Genetically Modified Humans?
While health activists around the globe protest the advance of genetically modified foods, in Chinese laboratories, scientists are playing with the possibility of genetically modifying humans. News last month showed that, after the scientific community had urged researchers to refrain from using a DNA-editing technique called CRISPR, the Chinese researchers at Sun Yat-sen University were busy using just that technique to see if they could obliterate a blood disease called beta thalassemia from human embryos.1
CRISPR uses a complex of enzymes that can be programmed to target and disrupt specific, problematic DNA gene sequences. Using this technique, scientists can splice a gene at a targeted location, use enzymes to destroy unwanted DNA sequences, and replace the problem sequence with healthy DNA.2 The approach affects all the cells in a human, so that every cell now carries the new, altered (theoretically disease free) DNA, which then gets passed on to future generations.
In the case of the CRISPR study, the scientists started with 86 defective single-cell embryos that they obtained from a local fertility clinic. They injected the single cells with the CRISPR complex, intending to find out if they could target the defect and correct it. After 48 hours, the embryos had grown to eight-cell organisms, and at that point, 71 of the original 86 embryos had survived. Of those, only seven contained the replacement genetic material at all. In the others, the genetic alterations that occurred were off-target, causing unintended mutations in the wrong parts of the genome. In other words, the experiment ended in misfire, causing changes that could have triggered other diseases. The seven "successful" embryos had a mix of both replacement DNA and original, damaged DNA, meaning the intended genetic changes didn't fully take root even in those embryos.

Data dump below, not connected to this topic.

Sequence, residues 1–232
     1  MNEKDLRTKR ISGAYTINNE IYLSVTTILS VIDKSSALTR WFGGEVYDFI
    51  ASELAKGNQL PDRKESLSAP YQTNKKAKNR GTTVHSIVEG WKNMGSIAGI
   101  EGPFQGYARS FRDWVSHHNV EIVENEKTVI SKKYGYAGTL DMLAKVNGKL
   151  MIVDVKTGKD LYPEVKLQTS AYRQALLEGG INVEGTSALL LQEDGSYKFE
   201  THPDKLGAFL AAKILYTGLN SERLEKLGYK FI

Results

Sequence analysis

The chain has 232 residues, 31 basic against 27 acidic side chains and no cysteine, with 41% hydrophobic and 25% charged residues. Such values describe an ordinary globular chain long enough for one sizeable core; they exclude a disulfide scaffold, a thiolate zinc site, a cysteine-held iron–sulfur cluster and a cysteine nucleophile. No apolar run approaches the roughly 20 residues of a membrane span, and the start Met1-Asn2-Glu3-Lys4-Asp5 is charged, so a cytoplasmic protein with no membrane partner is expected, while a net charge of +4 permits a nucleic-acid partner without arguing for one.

The researchers concluded that their entire effort was premature. They were concerned that there probably were even more unsuccessful mutations than they had detected since they only studied one section of the genome.3 Study director Jiun Ju Huang said, "If you want to do it [genetic modification] in normal embryos, you need to be close to 100% [in other words, all 86 fetuses would have accepted the replacement DNA without a hitch]. That's why we stopped."
Other experts concurred that the technique isn't ready for prime time. "This is an unsafe procedure and should not be practiced at this time, and perhaps never," said Dr. George Q. Daley at Harvard University. His colleague, Dr. David Baltimore, a Nobel laureate, said, "It shows how immature the science is…We have learned a lot from their attempts, mainly about what can go wrong."
The big point, though, is that the experiments on altering fetuses took place at all, and the implications are mind-boggling and controversial. In the best of all worlds, the technique and others like it could be used to eradicate genetically based diseases and would be a boon to human health. In the worst case scenario, though, it's the stuff of Gattacan nightmares.4 Once you can alter one strand of DNA, you can alter others, as well. Many fear that pursuing this work opens the door to the possibility of creating humans in labs and government sponsored eugenics, and the alarms have been sounded.
Meanwhile, Dr. Huang certainly doesn't intend to stop trying to perfect his methods, despite his admission that such experiments are premature, and experts in China say that at least four other groups are pursuing the same type of research. In fact, Dr. Huang already is looking at ways to correct the misfires. One option he's exploring is to alter CRISPR enzymes so they find their way to the intended spot more easily; another is to shorten the lifetime of the enzymes so they shut down before mutations can occur.